I must confess that I am not feeling terribly patriotic today having just finished Nick Turse's Kill Anything that Moves: The Real American War in Vietnam. The book makes a persuasive case that the My Lai Massacre was not an aberration, but simply one egregious example of the kind of atrocity that occurred with regularity in a war where American commanders made "body count" the only performance standard. Consider for example Operation Speedy Express which ran from December 1968 through May 1969, where the 9th Infantry Division reported killing 10,899 enemy troops, but only recovered 748 weapons. During one week in April 1969, the division reported killing 699 guerrillas while losing only one man and capturing only nine weapons. The book is well sourced and well written, but hard to get through.
For someone who would like to understand the Vietnam War better, but is not eager to slog through 260 pages of America's war crimes, I would recommend Fredrik Logeval's Pulitzer Prize winning Embers of War: The Fall of an Empire and the Making of America's Vietnam. The book deals with France's ill-fated attempt to reestablish its empire in Indochina after World War II, which America backed in order to assure French support in the developing Cold War in Europe. The book makes clear just how fucked up the situation in Vietnam was long before the United States decided to put troops on the ground and why it was so unlikely that things would ever turn out any better than they did.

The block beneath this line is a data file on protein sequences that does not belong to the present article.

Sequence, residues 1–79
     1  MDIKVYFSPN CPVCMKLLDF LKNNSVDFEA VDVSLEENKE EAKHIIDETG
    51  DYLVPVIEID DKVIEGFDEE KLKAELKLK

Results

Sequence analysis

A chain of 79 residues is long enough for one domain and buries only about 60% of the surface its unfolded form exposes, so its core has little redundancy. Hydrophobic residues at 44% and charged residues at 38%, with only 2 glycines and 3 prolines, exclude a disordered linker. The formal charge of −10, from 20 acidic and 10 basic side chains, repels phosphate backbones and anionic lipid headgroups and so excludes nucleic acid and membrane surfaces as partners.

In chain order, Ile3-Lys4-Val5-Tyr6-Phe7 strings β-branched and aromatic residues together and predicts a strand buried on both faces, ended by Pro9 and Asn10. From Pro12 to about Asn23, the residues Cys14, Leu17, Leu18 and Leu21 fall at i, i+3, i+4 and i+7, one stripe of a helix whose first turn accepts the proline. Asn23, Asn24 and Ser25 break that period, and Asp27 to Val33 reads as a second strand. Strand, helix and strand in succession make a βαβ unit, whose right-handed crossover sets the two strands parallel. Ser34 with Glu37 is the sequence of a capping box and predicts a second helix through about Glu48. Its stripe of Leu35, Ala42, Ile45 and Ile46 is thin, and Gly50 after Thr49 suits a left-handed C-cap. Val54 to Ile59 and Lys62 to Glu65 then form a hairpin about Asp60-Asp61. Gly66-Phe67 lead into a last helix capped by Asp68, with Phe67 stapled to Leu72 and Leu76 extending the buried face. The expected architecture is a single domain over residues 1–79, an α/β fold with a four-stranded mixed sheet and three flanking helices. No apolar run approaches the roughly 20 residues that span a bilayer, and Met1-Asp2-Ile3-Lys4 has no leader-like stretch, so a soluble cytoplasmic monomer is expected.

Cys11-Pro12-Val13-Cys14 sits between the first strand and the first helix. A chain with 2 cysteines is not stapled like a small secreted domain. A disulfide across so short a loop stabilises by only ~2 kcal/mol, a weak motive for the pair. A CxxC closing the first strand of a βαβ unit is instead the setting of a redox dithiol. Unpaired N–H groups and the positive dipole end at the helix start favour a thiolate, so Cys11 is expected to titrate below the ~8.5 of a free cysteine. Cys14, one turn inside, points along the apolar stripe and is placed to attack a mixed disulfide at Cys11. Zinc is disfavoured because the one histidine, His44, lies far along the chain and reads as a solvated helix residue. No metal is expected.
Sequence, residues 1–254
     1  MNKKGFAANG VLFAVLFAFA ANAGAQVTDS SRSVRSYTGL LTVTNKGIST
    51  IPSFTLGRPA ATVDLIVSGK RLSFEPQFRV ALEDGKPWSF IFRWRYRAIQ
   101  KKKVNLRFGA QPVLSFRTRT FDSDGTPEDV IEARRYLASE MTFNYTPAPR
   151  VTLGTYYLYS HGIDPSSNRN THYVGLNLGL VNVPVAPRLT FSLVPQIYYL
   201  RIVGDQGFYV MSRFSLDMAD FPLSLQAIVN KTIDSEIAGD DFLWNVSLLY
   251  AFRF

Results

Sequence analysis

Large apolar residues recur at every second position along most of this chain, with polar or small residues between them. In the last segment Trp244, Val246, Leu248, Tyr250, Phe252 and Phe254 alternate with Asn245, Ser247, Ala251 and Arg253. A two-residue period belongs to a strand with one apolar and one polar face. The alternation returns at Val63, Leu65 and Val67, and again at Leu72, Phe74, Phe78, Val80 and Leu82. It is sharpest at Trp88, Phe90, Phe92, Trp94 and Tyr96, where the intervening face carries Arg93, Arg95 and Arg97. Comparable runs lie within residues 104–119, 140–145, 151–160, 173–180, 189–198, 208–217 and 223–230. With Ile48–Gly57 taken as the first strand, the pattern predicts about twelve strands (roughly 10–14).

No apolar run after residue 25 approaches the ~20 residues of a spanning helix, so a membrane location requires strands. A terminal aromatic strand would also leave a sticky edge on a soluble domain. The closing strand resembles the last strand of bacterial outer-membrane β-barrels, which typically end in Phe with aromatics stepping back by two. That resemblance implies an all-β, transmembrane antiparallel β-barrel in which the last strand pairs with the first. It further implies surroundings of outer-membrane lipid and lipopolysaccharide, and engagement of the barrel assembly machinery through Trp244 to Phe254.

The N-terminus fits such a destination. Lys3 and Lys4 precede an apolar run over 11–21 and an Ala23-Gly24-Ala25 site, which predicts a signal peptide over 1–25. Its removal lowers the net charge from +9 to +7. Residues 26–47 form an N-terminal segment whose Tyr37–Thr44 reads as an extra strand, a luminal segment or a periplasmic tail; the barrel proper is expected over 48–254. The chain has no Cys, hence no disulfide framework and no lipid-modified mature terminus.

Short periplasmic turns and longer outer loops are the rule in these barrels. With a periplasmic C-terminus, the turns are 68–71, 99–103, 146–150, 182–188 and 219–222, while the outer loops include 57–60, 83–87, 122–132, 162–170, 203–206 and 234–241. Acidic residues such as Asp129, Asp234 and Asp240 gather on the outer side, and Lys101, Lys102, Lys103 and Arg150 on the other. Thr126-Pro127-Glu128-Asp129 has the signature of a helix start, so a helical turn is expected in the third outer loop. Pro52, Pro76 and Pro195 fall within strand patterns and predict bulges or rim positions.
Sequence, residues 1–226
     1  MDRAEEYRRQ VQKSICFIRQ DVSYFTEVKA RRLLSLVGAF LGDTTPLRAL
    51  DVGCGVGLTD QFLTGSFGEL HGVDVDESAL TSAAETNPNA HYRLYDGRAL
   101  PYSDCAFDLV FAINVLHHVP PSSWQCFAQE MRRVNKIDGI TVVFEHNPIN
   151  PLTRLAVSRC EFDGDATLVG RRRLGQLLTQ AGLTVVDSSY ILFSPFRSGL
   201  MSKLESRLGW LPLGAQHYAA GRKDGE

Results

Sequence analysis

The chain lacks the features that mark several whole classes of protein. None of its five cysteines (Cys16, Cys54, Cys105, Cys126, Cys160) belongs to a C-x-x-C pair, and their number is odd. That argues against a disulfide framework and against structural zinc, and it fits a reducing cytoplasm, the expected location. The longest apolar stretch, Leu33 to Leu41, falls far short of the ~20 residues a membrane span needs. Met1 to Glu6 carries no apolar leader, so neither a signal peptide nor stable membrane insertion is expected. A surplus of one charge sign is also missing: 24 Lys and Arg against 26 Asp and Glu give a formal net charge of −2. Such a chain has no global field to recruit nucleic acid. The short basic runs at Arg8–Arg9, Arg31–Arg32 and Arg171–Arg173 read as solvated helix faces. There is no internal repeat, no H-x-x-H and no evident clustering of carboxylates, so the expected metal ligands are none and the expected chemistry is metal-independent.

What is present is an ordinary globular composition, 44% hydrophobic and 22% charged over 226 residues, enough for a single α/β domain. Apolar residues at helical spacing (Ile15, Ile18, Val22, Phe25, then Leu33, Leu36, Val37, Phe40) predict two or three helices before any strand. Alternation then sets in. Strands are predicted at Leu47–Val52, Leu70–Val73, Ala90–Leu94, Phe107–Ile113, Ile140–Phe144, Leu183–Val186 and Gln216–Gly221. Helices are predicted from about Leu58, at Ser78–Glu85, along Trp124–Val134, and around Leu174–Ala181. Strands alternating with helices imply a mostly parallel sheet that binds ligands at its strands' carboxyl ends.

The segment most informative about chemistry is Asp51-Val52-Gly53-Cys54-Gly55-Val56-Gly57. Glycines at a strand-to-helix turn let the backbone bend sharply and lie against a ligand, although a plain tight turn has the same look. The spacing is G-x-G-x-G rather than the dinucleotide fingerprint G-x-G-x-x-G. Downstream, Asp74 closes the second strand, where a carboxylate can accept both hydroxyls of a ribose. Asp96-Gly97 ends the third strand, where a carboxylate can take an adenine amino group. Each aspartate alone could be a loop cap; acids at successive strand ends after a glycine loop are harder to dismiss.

Whenever I go to the library, I browse through the new non-fiction section and grab whatever I think might be interesting. By coincidence, the other book I grabbed last week also concerned the U.S. Army behaving badly; this time in Colorado in 1864. In A Misplaced Massacre: Struggling Over the Memory of Sand Creek, Ari Kelman examines the various ways that America and Americans have coped with the memory of one particularly troubling incident from the time it occurred through the dedication of the Sand Creek Massacre National Historic Site in 2007. I'm just getting started on that one though.